But as President Luiz Inácio Lula da Silva of Brazil told this conference, this Earth Day framework only works “if countries take responsibility to meet their targets” and if the rich nations really help the poor ones buy clean power sources.

That was never going to happen at scale in the present global economic climate. The only way it might happen is if we had “a perfect storm” — a storm big enough to finally end the global warming debate but not so big that it ended the world.

Absent such a storm that literally parts the Red Sea again and drives home to all the doubters that catastrophic climate change is a clear and present danger, the domestic pressures in every country to avoid legally binding and verifiable carbon reductions will remain very powerful.

Does that mean this whole Earth Day strategy is a waste? No. The scientific understanding about the climate that this U.N. process has generated and the general spur to action it provides is valuable. And the mechanism this conference put in place to enable developed countries and companies to offset their emissions by funding protection of tropical rain forests, if it works, would be hugely valuable.

Still, I am an Earth Race guy. I believe that averting catastrophic climate change is a huge scale issue. The only engine big enough to impact Mother Nature is Father Greed: the Market. Only a market, shaped by regulations and incentives to stimulate massive innovation in clean, emission-free power sources can make a dent in global warming. And no market can do that better than America’s.

Therefore, the goal of Earth Racers is to focus on getting the U.S. Senate to pass an energy bill, with a long-term price on carbon that will really stimulate America to become the world leader in clean-tech. If we lead by example, more people will follow us by emulation than by compulsion of some U.N. treaty.

In the cold war, we had the space race: who could be the first to put a man on the moon. Only two countries competed, and there could be only one winner. Today, we need the Earth Race: who can be the first to invent the most clean technologies so men and women can live safely here on Earth.

Maybe the best thing President Obama could have done here in Copenhagen was to make clear that America intends to win that race. All he needed to do in his speech was to look China’s prime minister in the eye and say: “I am going to get our Senate to pass an energy bill with a price on carbon so we can clean your clock in clean-tech. This is my moon shot. Game on.”

Because once we get America racing China, China racing Europe, Europe racing Japan, Japan racing Brazil, we can quickly move down the innovation-manufacturing curve and shrink the cost of electric cars, batteries, solar and wind so these are no longer luxury products for the wealthy nations but commodity items the third world can use and even produce.

If you start the conversation with “climate” you might get half of America to sign up for action. If you start the conversation with giving birth to a “whole new industry” — one that will make us more energy independent, prosperous, secure, innovative, respected and able to out-green China in the next great global industry — you get the country.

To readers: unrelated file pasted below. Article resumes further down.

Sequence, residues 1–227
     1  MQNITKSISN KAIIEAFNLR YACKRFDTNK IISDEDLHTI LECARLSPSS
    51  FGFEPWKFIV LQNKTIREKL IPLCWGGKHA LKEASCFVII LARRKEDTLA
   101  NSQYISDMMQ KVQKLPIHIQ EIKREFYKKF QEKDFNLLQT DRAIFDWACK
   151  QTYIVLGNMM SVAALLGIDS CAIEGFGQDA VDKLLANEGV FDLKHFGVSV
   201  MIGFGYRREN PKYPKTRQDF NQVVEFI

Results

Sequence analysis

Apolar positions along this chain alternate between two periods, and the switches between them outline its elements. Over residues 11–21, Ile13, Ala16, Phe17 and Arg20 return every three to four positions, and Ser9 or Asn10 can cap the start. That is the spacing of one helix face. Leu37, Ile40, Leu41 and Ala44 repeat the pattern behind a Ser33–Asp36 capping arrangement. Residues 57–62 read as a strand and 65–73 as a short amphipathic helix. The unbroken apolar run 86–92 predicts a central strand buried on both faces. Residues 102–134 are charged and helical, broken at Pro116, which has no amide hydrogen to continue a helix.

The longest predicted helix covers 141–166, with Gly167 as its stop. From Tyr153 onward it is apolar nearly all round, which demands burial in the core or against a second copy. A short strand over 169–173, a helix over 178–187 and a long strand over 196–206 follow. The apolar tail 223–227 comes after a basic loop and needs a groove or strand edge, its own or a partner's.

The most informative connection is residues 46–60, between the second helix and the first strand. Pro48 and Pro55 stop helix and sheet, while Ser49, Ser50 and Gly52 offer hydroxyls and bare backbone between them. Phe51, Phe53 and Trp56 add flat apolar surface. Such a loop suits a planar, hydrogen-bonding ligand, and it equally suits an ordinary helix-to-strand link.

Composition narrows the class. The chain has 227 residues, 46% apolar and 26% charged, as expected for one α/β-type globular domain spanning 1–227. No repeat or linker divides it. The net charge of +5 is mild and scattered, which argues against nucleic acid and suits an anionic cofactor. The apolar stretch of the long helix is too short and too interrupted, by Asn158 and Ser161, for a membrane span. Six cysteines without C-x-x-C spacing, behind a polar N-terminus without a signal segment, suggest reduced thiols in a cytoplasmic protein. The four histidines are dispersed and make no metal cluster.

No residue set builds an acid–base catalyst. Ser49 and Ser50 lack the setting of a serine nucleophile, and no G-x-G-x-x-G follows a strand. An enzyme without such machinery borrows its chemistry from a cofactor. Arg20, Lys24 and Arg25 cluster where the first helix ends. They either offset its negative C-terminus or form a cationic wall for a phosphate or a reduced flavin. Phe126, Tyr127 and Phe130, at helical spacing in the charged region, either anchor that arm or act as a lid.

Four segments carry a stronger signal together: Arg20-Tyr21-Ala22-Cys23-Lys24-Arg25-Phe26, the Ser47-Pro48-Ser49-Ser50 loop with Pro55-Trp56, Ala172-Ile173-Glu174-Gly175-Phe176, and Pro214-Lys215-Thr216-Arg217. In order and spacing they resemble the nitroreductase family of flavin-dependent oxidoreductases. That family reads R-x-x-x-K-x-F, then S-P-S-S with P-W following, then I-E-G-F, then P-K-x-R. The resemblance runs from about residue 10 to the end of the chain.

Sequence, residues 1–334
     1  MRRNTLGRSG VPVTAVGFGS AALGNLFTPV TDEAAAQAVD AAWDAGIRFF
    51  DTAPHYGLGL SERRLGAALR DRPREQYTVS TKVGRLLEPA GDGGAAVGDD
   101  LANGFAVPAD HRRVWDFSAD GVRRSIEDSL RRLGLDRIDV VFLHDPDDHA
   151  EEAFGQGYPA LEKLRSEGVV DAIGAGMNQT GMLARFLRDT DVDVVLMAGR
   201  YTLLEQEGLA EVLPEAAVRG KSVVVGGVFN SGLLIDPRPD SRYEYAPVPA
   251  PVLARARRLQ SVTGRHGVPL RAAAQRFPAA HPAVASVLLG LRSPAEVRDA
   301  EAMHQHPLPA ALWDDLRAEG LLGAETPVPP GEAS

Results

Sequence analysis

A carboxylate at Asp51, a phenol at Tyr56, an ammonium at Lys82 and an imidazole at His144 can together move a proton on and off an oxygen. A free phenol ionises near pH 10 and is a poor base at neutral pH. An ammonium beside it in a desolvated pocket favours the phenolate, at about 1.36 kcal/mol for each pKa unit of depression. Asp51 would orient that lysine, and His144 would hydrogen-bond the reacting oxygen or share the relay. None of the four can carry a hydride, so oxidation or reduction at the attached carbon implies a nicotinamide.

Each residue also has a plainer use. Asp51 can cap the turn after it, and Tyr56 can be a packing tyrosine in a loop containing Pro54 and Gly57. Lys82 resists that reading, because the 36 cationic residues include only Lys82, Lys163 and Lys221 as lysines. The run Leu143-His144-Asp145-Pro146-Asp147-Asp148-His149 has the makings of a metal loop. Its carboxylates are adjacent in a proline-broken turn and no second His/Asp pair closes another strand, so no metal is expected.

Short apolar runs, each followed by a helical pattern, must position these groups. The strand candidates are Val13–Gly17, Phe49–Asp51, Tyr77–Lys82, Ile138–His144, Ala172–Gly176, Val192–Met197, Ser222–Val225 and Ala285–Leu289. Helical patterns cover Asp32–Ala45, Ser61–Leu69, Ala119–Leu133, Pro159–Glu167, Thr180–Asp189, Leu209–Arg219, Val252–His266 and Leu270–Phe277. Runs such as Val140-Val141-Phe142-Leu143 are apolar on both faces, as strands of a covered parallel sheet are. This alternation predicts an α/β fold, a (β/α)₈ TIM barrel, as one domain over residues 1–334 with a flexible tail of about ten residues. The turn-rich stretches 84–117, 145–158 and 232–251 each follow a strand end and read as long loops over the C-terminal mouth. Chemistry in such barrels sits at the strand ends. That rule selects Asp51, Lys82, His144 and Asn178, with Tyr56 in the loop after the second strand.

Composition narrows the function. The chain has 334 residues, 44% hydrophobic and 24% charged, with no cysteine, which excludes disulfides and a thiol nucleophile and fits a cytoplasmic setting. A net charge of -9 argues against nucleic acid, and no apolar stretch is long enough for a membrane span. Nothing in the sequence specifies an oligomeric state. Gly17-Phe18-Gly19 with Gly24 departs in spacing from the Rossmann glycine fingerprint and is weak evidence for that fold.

For good reason: Even if the world never warms another degree, population is projected to rise from 6.7 billion to 9 billion between now and 2050, and more and more of those people will want to live like Americans. In this world, demand for clean power and energy efficient cars and buildings will go through the roof.

An Earth Race led by America — built on markets, economic competition, national self-interest and strategic advantage — is a much more self-sustaining way to reduce carbon emissions than a festival of voluntary, nonbinding commitments at a U.N. conference. Let the Earth Race begin.

Published: December 19, 2009
The New York Times

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Nemo H2: The First Ecofriendly Electrical Boat

In a busy port like Amsterdam, where crowd and pollution is a regular phenomenon, discovery of a hydrogen fuel powered boat with zero pollutant emission must make news.

The Fuel Cell Boat Construction B.V has launched their new discovery, Nemo H2, the canal boat, on 10th December, 2009.

The new technique uses Oxygen and Hydrogen gas to mix and generate water and electricity that is stored in cells and later used to drive the boat. No air-polluting gas is produced this way.

It can store 24kg Hydrogen gas in each of its 6 cylinders under high pressure. Nemo H2 can sail on the canal with a maximum load of 86 people and 2 crew staff.

The wonder boat will ride at a speed of 8.6 knots/hour maximum and has an average endurance of 7 knots during a 9-hour journey.

From the coming spring tourists can enjoy a ride on this zero-CO2 canal cruise by paying some extra pence. This is because the manufacturers and owners (the Lovers Boat Company) need to meet the excessive cost of refilling Hydrogen fuel everyday.

However, they expect that with the advancement of modern techniques meant to ease using Hydrogen as a fuel, the costs will be lowered.

December 19, 2009
The New Ecologist